Thursday, September 27, 2007


The answer to the age-old question about whether religious engagement in politics is a good or bad thing is inevitably, "well, it depends what kind of religion involved in what kind of politics you are talking about". Collaborative action to model alternatives or to stand up for justice and peace through civil society and the political process is one thing; sectarian, Christendom or fundamentalist attempts to manipulate governance for self-interest is quite another. Not that everything can be neatly tidyed into those two baskets, of course. But much discourse at the moment nevertheless seems to suppose that it is simply a matter of choosing between domineering religion or privatized religion - which is pretty silly, when you look at the complex reality and consider different frameworks.

For this reason, many people (and not just 'religious people') will welcome Madeleine Bunting's balanced comments in The Guardian today (sadly and instantly dismissed as 'cynical opportunism' by the angry brigade at the National Secular Society). Her piece is entitled An enlightened politics, and references the role of monks in the attempt at nonviolent resistance to dictatorship in Burma.

"[On]ne cannot help but wonder quite how the batch of critics of religion will interpret the role of the Buddhist monks. Christopher Hitchens has recently argued that religion poisons everything and goes on to insist that no progressive political movement has had any religious influence. He insists that a figure like Martin Luther King Jr was in no real sense a Christian. How will he explain the Burmese monks? Will Richard Dawkins accuse these monks of child abuse for encouraging young boys to join their monasteries? It would be sophistry to argue that Buddhism does not talk of a God and that it is not a "real" religion (an old and tired debate).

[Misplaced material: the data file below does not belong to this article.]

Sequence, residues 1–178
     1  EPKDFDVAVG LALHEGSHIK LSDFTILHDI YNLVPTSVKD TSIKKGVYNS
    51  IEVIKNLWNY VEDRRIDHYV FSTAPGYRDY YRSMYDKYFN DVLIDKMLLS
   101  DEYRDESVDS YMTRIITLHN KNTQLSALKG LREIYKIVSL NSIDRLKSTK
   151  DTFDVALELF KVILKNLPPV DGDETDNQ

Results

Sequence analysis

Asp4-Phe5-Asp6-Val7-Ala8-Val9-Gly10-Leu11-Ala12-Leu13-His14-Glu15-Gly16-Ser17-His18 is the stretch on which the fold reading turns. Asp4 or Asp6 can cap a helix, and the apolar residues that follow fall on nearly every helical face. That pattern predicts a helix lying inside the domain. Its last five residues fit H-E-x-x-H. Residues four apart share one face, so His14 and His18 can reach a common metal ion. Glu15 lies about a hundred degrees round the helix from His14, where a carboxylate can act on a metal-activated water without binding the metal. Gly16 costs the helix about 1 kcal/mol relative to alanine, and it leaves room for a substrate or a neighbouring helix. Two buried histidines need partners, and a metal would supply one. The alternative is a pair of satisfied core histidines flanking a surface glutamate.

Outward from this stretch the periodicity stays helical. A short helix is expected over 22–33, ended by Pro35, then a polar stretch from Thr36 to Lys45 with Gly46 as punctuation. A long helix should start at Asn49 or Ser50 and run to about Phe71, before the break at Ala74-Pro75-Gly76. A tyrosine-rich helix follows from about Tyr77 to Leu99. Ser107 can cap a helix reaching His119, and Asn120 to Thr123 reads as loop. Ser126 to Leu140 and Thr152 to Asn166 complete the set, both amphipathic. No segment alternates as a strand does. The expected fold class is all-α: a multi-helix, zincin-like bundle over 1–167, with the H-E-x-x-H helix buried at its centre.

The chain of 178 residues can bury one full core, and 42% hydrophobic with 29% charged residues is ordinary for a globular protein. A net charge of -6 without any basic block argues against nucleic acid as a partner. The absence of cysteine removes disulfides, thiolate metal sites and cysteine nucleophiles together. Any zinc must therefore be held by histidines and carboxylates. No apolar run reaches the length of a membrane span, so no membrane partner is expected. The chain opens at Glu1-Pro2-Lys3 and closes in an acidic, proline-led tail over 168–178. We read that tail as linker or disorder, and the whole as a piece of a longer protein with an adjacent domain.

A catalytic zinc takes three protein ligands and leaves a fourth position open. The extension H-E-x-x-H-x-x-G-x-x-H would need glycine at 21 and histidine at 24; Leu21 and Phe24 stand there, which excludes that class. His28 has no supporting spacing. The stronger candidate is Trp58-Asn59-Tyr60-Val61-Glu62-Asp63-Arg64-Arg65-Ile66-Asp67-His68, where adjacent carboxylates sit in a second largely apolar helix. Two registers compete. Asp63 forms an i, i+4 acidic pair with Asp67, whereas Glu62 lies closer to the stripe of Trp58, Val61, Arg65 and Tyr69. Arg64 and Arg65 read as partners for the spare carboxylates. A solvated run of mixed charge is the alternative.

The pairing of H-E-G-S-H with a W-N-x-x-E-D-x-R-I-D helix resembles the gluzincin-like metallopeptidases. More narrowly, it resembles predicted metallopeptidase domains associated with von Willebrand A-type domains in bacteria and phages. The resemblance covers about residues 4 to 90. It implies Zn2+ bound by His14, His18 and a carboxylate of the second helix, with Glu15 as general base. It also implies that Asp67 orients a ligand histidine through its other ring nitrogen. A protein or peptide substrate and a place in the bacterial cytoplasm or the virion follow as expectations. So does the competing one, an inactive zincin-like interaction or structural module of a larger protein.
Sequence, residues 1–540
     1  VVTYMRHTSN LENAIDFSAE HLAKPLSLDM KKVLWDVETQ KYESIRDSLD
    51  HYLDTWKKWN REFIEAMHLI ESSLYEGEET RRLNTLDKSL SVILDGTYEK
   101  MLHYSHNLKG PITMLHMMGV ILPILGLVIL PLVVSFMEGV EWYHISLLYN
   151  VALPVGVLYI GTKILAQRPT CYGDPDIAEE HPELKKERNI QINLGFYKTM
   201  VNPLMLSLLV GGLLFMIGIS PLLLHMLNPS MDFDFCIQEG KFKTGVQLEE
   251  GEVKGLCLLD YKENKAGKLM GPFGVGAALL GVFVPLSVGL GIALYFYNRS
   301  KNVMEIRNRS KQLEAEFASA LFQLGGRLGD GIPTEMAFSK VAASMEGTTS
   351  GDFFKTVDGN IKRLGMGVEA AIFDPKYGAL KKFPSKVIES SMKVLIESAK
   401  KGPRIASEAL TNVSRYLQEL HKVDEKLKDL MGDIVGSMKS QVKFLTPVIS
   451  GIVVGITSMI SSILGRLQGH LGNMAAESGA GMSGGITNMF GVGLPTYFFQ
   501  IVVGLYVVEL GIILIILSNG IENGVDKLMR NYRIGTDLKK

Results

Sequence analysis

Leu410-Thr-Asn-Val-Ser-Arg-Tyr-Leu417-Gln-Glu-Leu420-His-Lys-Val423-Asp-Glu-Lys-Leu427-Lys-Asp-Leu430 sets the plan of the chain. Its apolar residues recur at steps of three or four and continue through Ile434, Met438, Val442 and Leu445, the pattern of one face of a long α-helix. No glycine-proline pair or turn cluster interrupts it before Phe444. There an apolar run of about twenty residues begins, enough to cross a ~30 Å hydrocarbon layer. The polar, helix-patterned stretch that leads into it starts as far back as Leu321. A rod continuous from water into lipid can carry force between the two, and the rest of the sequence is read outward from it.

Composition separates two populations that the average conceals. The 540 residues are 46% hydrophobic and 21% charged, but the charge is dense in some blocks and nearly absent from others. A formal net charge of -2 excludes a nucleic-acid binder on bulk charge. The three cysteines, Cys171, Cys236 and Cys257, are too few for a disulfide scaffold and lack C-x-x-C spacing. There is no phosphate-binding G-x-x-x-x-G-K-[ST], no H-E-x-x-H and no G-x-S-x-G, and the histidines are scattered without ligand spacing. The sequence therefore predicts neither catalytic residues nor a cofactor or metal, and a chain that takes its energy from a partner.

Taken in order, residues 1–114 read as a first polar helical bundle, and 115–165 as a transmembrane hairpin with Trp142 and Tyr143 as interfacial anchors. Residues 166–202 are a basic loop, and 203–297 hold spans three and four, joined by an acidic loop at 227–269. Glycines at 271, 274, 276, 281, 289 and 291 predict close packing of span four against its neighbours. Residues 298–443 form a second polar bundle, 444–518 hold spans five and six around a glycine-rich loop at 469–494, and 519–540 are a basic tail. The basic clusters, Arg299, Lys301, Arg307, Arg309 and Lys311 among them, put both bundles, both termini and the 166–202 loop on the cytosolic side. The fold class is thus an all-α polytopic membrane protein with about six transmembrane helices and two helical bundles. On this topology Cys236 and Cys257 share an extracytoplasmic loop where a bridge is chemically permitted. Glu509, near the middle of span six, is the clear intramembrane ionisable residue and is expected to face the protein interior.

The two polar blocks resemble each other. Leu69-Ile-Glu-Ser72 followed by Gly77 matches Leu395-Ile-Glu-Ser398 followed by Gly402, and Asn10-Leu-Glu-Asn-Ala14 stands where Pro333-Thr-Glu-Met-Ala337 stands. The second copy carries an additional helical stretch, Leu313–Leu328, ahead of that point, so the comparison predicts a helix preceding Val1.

"It's not that we should regard Buddhism as having a uniquely positive contribution to make to politics. Things aren't so clear cut - it plays a positive role in some places, and not others. Burma's Buddhist traditions are closely linked to those of Sri Lanka. Both are Theravada, but in Sri Lanka, the sangha have played a reprehensible role in Sinhalese nationalism.

"The point is that you cannot generalise about the role of religion in politics [my emphasis]. At some points in human history it has been a malign and terrible influence, at others, it has been critical to the development of progress and challenging injustice, as Tristram Hunt wrote on this site recently. In recent years, we have seen a lot of the former which is what makes these images of monks and nuns so powerful. They are reminding us all that faith can inspire great courage, dignity and compassion."

They key question of course, is what makes the difference. This is something we are constantly working on at Ekklesia.

Incidentally, the claim that MLK wasn't really a Christian beggars belief - if you'll forgive the pun - and shows astonishing disregard for the evidence. Which is really very depressing. Whether we are Christians, atheists or people of other life-convictions and stances, we need a much better encounter/dialogue between those of faith and those of no faith (or "good faith", as Peter Challen well puts it). The fine (humanist) people at The O Project are among those trying to promote this - and to highlight the positive social justice work done by non-believers; something that is as equally lost on the institutionally religious as the inspiration of faith is to Hitchens et al.

Pic: Madeleine Bunting

1 comment:

Anonymous said...

Good piece and nice blog. The Ecclesia stuff looks interesting. Thanks. I'm an atheist, but I agree that a lot of the stuff coming out from secularist groups (well some of them) is very negative and rather sectarian at the moment. Daft, because thats what we're supposed to be against. My upbringing had a really bad effect on me. But I'm glad I've met some good religious people in recent times through campaigning groups.